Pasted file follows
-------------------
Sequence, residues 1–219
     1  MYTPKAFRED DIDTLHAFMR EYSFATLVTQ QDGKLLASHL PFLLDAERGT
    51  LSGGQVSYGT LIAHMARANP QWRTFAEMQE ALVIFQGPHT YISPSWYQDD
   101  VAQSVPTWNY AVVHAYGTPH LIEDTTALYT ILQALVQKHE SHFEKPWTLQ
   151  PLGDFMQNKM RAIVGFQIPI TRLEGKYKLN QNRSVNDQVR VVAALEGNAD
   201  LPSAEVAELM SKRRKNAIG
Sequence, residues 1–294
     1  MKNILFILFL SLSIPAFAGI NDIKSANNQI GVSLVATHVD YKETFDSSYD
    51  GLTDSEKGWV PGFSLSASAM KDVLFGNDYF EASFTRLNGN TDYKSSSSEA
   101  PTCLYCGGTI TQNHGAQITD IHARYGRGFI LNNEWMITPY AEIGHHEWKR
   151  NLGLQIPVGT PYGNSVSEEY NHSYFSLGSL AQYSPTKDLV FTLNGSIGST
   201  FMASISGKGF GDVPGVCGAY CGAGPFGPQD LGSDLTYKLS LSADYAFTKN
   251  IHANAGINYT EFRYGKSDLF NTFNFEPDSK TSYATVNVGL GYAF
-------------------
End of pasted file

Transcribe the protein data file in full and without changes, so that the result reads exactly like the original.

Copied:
Sequence, residues 1–219
     1  MYTPKAFRED DIDTLHAFMR EYSFATLVTQ QDGKLLASHL PFLLDAERGT
    51  LSGGQVSYGT LIAHMARANP QWRTFAEMQE ALVIFQGPHT YISPSWYQDD
   101  VAQSVPTWNY AVVHAYGTPH LIEDTTALYT ILQALVQKHE SHFEKPWTLQ
   151  PLGDFMQNKM RAIVGFQIPI TRLEGKYKLN QNRSVNDQVR VVAALEGNAD
   201  LPSAEVAELM SKRRKNAIG
Sequence, residues 1–294
     1  MKNILFILFL SLSIPAFAGI NDIKSANNQI GVSLVATHVD YKETFDSSYD
    51  GLTDSEKGWV PGFSLSASAM KDVLFGNDYF EASFTRLNGN TDYKSSSSEA
   101  PTCLYCGGTI TQNHGAQITD IHARYGRGFI LNNEWMITPY AEIGHHEWKR
   151  NLGLQIPVGT PYGNSVSEEY NHSYFSLGSL AQYSPTKDLV FTLNGSIGST
   201  FMASISGKGF GDVPGVCGAY CGAGPFGPQD LGSDLTYKLS LSADYAFTKN
   251  IHANAGINYT EFRYGKSDLF NTFNFEPDSK TSYATVNVGL GYAF